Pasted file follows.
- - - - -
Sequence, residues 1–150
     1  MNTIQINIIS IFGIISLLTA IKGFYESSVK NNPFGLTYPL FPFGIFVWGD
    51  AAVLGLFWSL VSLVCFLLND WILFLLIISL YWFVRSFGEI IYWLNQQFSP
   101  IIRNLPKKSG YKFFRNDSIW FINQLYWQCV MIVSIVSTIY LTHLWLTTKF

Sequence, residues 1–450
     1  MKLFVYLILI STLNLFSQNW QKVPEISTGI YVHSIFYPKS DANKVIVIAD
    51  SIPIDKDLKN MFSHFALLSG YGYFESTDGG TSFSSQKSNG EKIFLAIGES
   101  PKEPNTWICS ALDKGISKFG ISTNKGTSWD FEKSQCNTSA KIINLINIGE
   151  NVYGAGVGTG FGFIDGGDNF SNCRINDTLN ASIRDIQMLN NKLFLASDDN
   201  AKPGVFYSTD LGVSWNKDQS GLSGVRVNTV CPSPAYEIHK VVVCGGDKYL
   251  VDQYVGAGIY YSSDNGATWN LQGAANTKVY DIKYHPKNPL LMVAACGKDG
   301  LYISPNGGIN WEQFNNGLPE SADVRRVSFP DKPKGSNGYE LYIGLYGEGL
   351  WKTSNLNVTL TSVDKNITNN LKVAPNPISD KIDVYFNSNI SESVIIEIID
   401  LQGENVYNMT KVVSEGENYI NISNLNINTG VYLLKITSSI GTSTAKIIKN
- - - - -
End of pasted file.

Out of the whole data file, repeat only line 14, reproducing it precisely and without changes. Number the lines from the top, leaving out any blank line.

   401  LQGENVYNMT KVVSEGENYI NISNLNINTG VYLLKITSSI GTSTAKIIKN